580. David Park (American, 1911-1960), "The Van Horn Family", c.1930; oil/canvas, 22.5" x 22.5", signed and dated, provenance. Highly important California modernist. Park moved to Los Angeles in 1928 and studied at Otis Art Institute. He married Lydia Newell in 1930 and traveled to San Francisco, where he worked with Diego Rivera. He also worked with Ralph Stackpole on the monumental figures in front of the San Francisco Stock Exchange. During the 1930s, he executed mural commissions for the Federal Art Project. He taught at the California School of Fine Art in San Francisco from 1944-1952. Park resigned in protest when his friend and colleague, Hassel Smith was dismissed. Park then painted out of his living room for three years, and even designed window displays for liquor stores, until he joined the faculty at UC Berkeley in 1955. He then achieved much critical acclaim, and exhibited with fellow painters, Richard Diebenkorn, Elmer Bischoff, James Weeks and Theophilus Brown. Park was diagnosed with cancer in 1959, and died a year later at 49. This early work illustrates the figurative painting style which would become much more influential to his later mature work of the 1950s than anyone would have guessed. Park shocked the mainstream academic art community of the Bay Area in 1950, when he abruptly departed from his non-objective painting style that he had embraced throughout the 1940s, and returned to figurative works. His early exhibitions include solo shows at the Oakland Art Museum (1933); San Francisco Museum of Art (1936-39,40); and a group show at the Oakland Art Museum (1932).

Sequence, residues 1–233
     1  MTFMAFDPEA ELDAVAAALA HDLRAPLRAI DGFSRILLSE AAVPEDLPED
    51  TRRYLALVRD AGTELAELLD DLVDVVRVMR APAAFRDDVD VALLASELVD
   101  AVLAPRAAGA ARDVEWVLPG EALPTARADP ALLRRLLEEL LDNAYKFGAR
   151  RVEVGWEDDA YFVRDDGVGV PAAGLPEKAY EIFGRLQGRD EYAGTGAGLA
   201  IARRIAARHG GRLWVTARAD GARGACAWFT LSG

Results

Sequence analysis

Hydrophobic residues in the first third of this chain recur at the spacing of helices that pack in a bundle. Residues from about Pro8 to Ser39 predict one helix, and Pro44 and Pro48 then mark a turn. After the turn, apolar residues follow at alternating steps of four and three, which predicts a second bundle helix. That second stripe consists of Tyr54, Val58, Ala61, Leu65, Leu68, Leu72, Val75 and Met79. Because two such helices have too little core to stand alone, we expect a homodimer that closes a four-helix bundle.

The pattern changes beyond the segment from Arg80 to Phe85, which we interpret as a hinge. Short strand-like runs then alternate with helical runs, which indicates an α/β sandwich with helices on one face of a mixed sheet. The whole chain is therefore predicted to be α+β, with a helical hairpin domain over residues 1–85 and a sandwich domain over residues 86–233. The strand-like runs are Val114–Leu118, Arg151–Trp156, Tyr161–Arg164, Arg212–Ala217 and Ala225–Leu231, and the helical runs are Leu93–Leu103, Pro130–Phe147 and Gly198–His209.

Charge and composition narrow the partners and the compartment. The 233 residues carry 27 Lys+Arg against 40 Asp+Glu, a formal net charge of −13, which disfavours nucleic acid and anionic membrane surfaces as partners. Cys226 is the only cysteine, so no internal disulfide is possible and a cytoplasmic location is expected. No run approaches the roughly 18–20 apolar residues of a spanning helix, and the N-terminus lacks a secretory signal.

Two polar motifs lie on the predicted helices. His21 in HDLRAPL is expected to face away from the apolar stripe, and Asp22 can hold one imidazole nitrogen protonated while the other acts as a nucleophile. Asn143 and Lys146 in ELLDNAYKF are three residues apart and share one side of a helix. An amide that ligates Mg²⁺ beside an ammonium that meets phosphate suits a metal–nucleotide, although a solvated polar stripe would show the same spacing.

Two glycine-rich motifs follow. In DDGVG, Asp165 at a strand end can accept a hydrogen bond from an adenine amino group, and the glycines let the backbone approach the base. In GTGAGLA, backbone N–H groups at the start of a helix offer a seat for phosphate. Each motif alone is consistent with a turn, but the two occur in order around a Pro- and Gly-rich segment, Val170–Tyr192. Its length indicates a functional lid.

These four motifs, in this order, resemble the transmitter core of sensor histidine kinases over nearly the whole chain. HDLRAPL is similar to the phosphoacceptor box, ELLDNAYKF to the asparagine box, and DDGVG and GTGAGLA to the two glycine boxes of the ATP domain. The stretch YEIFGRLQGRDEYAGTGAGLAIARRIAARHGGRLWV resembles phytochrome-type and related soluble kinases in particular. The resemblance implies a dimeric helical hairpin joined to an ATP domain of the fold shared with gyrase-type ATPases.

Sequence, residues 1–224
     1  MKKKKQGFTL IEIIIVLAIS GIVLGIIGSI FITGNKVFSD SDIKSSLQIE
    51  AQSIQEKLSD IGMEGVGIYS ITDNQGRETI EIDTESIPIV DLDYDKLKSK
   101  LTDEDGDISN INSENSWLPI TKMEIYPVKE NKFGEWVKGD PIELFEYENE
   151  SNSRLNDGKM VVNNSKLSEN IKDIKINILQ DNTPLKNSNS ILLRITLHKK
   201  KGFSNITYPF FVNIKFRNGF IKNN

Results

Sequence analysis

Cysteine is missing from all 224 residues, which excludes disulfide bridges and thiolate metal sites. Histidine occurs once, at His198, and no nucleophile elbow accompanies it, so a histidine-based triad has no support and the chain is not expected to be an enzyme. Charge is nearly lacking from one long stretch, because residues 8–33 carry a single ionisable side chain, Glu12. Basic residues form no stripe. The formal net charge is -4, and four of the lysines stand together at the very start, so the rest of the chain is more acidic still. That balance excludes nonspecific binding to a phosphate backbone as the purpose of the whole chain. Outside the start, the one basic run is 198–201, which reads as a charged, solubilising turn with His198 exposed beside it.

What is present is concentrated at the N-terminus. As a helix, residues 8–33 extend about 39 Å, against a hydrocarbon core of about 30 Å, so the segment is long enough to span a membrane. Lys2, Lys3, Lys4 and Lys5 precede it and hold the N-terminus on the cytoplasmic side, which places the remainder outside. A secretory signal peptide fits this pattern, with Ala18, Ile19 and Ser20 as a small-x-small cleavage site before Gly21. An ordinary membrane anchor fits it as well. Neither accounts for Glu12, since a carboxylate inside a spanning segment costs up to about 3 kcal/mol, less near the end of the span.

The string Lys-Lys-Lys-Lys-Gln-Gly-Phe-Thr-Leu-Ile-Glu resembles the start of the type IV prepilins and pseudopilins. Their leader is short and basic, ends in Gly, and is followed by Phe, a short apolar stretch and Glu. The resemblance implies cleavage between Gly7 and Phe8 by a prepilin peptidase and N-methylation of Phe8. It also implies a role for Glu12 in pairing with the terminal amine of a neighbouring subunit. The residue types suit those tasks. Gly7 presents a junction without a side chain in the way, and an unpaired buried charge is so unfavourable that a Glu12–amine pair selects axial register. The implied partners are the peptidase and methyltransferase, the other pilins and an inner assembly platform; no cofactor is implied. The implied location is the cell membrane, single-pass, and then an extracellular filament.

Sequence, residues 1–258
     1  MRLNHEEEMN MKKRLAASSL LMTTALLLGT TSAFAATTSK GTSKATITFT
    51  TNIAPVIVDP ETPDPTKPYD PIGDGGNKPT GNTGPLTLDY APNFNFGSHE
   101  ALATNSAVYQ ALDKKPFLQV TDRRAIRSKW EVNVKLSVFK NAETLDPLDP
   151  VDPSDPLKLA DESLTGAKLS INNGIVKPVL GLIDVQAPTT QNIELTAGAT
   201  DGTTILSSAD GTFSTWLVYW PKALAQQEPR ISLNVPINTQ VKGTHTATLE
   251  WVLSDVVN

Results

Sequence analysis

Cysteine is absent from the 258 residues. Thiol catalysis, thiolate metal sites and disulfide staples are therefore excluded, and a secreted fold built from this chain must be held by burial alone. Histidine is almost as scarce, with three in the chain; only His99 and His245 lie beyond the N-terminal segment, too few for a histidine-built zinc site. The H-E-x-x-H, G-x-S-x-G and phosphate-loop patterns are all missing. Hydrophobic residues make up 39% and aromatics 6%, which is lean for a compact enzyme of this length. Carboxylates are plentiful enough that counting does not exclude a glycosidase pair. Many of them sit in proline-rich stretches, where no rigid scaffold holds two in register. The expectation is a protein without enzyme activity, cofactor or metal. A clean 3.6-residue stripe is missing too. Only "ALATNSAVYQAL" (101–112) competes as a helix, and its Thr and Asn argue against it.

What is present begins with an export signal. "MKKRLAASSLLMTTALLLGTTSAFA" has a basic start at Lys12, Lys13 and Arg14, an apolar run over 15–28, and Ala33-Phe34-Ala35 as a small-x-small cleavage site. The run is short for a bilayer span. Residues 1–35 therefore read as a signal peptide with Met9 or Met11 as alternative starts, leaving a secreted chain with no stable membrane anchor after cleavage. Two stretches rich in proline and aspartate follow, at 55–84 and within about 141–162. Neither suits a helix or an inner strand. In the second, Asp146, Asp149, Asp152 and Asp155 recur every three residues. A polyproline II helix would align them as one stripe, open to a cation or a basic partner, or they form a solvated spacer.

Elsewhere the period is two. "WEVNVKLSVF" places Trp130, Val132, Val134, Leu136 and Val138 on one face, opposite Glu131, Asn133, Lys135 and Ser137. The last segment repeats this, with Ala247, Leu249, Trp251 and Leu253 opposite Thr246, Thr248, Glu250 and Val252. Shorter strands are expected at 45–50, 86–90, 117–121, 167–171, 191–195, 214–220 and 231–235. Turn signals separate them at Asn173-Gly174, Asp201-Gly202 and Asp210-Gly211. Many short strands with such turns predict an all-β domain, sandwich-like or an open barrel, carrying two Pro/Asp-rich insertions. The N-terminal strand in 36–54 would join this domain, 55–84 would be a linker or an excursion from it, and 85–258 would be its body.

Park met Marguerite Van Horn in Berkeley, CA in 1930. Marguerite's mother, Lucretia (1882-1970) was also a painter. The painting has remained in the possession of the Van Horn family until recently. This painting will be included in Nancy Boas' upcoming biography of David Park. A very rare and important early work of this Bay Area Figurative Movement painter. 25,000-35,000

581. Jim Harmon (American, 20th century) "Clown", c.1949; oil/canvas, 28" x 20", signed. St. Louis modernist painter. Exhibited in the 1940s - 50s. He studied at The St. Louis School of Fine Art. 400-600